In Victory: The Triumphant Gay Revolution, former labor lawyer and current political columnist Linda Hirshman traces the surprising and inspiring arc of this civil rights struggle.

How did you come to write about the history of gay liberation?

I’ve worked in, and written about, social movements all my life, and this is the most—some would say only—successful progressive social movement of the last 40 years. It’s a great American story. I’ve been following it since hearing Harvard professor Michael Sandel lecture in 1988 about the use of moral language for political ends. My previous book, Get to Work, on contemporary feminism, has a section, “Everything I Know About Politics I Learned from the Gay Revolution,” comparing the failure of value-free “choice feminism” to the increasingly successful, value-driven gay movement. After the 2008 election sort of put an end to interesting feminist politics, and I was looking for another movement to write about, it seemed natural.

What kinds of surprises did you encounter in your research?

The spirit of cooperation with straight allies and within the community was political jet fuel. If the gay revolution proves anything, it proves that Hobbes’s assumption that men, alone, live lives “solitary, poor, nasty, brutish, and short,” was wrong.

Who were some of your favorite interviewees?

I twice interviewed Frank Kameny, who died this year. He was, as Andrew Sullivan says, the Martin Luther King of the movement. The first time I met him, he had just received the Theodore Roosevelt award and the apology from the U.S. government for firing him for homosexuality 50 years before. He was positively crowing. Arthur Evans, a philosopher and the genius behind the 1970s Gay Activists Alliance (who has since died), was still gorgeously handsome in his late 60s, perfectly charming, and completely conscious of what he and his ragtag band of political geniuses had done. “Tell our story, Linda,” he charged me. I felt the burden keenly.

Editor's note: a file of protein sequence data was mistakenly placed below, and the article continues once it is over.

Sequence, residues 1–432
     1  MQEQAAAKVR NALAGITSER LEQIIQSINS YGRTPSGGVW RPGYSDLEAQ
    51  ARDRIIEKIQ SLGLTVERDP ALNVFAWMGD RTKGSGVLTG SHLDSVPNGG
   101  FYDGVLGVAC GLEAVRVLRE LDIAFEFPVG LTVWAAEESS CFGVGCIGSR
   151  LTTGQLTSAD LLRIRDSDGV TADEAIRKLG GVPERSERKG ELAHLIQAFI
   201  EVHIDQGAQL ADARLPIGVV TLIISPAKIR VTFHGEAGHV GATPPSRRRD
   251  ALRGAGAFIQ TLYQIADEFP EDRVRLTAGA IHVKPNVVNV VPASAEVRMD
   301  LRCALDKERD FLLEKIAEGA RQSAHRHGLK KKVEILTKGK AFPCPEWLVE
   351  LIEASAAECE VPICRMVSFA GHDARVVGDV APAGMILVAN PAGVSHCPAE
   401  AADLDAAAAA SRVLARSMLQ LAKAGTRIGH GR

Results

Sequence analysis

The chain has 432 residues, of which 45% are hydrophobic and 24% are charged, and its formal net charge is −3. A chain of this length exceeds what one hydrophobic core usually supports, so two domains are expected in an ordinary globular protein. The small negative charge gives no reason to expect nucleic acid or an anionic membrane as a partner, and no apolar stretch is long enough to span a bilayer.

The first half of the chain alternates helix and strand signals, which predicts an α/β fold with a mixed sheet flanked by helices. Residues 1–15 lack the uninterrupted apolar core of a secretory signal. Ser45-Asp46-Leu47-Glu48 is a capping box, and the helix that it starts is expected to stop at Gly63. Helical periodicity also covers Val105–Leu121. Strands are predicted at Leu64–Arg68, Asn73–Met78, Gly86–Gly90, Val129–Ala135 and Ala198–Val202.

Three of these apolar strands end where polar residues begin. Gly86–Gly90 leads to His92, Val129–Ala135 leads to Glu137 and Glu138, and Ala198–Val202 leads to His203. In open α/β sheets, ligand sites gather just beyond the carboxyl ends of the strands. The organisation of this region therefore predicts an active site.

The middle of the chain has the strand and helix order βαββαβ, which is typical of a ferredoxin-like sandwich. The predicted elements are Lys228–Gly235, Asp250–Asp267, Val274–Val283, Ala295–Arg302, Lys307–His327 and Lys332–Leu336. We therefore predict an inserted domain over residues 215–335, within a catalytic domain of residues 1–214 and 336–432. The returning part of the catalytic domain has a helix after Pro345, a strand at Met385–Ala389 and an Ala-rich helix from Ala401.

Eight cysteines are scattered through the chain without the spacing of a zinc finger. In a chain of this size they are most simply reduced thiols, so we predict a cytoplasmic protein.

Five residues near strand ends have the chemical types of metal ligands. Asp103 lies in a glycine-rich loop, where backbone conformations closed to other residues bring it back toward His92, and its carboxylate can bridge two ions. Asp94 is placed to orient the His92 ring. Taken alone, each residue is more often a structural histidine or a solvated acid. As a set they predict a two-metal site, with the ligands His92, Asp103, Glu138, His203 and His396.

What unconventional historical documents did you find?

A flood of diaries from long ago has been published and made available since the revolution really took off. And the letters from Frank Kameny’s mother in the Library of Congress, asking why he didn’t visit more often. Never mind that he was fired for sodomy; she wanted him to dress better and visit more often. He later told me she rode in all the Pride Parades.

What future projects are in the works?

I actually have a novel in a drawer, a political dystopia, a modern Uncle Tom’s Cabin.